The Exorcist (1973)

The Exorcist (1973)

The Exorcist (1973): I watch this one pretty much every year; it’s far and away my favorite horror movie of all time.  A rare “perfect film”, this one never loses its power or nerve.  It’s a completely serious and fearless horror movie that never resorts to camp, and makes what should be a ludicrous premise seem all too real and terrifying.  The brilliance of The Exorcist is in how expertly it capitalizes on fears that most of us share – of the dark, of death, of losing control.  I love that it functions so well as a real film, not just a “horror flick”.  The movie is so well constructed, so brilliantly scripted, and so well-acted that I get chills every time I watch it.  Over 30 years later, the shock value is still extremely high.  Although “gore porn” has become very popular, even today’s films generally don’t go this far in their depiction of tortured human souls, and virtually none of them are as genuinely frightening.  A bona-fide classic, and a major influence on nearly every horror film since.  Best in show.

Rosemary's Baby (1968)

Rosemary’s Baby (1968)

Rosemary’s Baby (1968): Another rare “perfect film”, this is cream-of-the-crop Roman Polanski, and also a feature I watch every year, Halloween or not.  Modern horror fans tend to be disappointed, but that’s just because they have the wrong expectations.  This is not a fright-fest; it’s a very literate film that plays out more like a great novel than a movie, and it’s not intended to be “scary” as much as it’s intended to be nerve-wracking.  The first time you watch the movie, it’s a riveting study in the nature of paranoia and psychological manipulation.  The second time you watch it, and every time thereafter, you realize that it’s really a black comedy on the nature of paranoia and psychological manipulation.  The writing, directing and acting are all peerless.  Special kudos go to Mia Farrow’s portrayal of the fragile yet earnest Rosemary, who finds reserves of strength she probably didn’t know she had, and Ruth Gordon’s sweet old meddling lady, a  persona she traded on throughout the 1970s but really perfected in this picture.  “He has his father’s eyes!”  Chilling.  And funny.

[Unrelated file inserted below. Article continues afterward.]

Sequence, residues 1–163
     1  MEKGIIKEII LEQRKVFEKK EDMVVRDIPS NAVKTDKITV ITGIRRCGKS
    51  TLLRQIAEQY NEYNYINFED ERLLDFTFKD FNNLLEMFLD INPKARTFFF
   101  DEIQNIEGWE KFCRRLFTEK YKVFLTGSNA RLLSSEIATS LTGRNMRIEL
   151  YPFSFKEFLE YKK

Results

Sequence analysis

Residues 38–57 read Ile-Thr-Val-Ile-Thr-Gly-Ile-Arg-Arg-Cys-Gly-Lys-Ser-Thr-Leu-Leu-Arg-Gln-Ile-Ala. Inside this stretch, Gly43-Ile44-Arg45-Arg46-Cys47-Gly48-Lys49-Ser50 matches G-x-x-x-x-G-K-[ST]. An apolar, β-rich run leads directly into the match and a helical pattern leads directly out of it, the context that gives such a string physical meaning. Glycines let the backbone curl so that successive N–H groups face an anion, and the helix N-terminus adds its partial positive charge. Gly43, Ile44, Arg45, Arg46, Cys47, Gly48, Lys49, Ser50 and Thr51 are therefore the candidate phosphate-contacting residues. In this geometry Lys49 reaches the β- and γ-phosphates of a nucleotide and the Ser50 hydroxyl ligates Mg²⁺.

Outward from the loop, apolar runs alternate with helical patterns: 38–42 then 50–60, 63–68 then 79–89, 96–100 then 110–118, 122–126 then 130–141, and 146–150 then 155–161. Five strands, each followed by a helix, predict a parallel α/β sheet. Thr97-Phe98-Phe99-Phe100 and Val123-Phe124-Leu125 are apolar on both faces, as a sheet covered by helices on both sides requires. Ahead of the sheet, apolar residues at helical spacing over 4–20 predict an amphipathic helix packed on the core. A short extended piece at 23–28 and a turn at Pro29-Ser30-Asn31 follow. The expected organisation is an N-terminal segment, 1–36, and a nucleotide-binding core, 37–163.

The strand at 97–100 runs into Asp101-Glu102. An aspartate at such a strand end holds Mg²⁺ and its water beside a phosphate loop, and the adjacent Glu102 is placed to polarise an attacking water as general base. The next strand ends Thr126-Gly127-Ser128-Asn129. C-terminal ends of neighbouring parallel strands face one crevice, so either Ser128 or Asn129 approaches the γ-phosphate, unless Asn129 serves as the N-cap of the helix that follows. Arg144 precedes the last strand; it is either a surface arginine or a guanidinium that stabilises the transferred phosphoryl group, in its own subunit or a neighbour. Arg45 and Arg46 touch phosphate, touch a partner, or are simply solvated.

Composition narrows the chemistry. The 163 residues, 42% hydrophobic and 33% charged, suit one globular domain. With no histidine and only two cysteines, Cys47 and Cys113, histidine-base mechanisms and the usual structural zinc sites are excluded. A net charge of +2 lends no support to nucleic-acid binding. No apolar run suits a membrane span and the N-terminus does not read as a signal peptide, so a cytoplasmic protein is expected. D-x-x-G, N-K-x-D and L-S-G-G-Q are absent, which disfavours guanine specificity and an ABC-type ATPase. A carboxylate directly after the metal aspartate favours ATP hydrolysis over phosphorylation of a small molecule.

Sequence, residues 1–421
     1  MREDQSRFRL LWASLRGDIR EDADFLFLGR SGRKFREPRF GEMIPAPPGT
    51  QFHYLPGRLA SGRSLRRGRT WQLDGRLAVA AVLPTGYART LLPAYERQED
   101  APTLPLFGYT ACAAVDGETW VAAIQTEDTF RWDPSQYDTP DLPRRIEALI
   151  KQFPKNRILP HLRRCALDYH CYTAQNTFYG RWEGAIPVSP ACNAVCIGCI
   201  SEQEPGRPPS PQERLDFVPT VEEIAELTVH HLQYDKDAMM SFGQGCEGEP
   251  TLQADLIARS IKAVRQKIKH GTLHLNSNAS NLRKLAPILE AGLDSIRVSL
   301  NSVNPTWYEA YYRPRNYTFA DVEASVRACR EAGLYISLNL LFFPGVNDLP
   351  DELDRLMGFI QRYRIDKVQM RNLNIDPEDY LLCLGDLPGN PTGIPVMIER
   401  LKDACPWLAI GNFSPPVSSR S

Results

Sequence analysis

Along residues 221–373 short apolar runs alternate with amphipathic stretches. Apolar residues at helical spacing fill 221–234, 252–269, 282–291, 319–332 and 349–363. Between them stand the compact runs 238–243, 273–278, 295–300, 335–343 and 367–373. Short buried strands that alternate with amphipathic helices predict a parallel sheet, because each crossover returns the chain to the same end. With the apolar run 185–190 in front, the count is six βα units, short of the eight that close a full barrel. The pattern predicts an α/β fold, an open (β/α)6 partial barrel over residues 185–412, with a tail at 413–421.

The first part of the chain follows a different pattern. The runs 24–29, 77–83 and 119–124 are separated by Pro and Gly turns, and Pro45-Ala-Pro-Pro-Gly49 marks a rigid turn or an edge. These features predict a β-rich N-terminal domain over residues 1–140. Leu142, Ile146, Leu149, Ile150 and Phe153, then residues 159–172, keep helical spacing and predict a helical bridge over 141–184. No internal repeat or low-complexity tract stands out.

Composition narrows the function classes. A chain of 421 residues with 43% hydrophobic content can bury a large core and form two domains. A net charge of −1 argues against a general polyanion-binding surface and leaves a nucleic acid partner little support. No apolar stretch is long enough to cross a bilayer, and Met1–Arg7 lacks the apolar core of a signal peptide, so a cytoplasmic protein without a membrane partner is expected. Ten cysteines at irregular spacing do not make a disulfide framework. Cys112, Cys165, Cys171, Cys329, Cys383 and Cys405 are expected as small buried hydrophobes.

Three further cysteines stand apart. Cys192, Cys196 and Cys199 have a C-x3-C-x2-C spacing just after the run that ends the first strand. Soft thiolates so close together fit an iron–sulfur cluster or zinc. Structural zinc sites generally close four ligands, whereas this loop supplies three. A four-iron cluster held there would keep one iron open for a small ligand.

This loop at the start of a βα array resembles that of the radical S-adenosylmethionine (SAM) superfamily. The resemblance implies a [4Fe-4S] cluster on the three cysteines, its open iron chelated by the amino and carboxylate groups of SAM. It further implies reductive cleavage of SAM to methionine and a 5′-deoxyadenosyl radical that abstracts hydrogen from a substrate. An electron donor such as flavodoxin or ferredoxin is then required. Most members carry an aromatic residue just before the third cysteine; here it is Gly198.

Poltergeist (1982)

Poltergeist (1982)

Poltergeist (1982): We tried to get our 12-year-old daughter Mia to watch this movie with us this year, as she’s starting to become interested in more mature features than, say, Twilight, and we thought this would be a good introduction to mature horror films.  It’s scary without being too serious or exploitative, what I think of as “funhouse scary”, and the entertainment factor is very high.    But she would have none of it, so we ended up watching it ourselves.  Maybe next year.  This is a wild ghost tale that hasn’t dated completely well (I find the “I can smell her!” scene to be fairly cringe-worthy), but is still a fun watch with some pretty nifty special effects and a good story behind them.  And I still think it would make a good intro for a tween kid into the horror genre.  Fear of clowns begins here.

Ginger Snaps (2000)

Ginger Snaps (2000)

Ginger Snaps (2000): Rounding out this list is an independent werewolf movie that’s a lot better than it deserved to be.  It has since devolved into a weak series of increasingly bad movies and direct-to-video releases, but the original has merit and is well worth a viewing.  Two malcontent and exceptionally morbid girls find out what life and death is really all about when one of them is infected by a beast ravaging the small mammals of their neighborhood, and the result is a story that’s entertainingly scary and ultimately rather sad and profound.  Avoid the sequels at all costs, but pick this one up off Netflix if you can, and bring a strong stomach to the proceedings, as the gore factor is very high.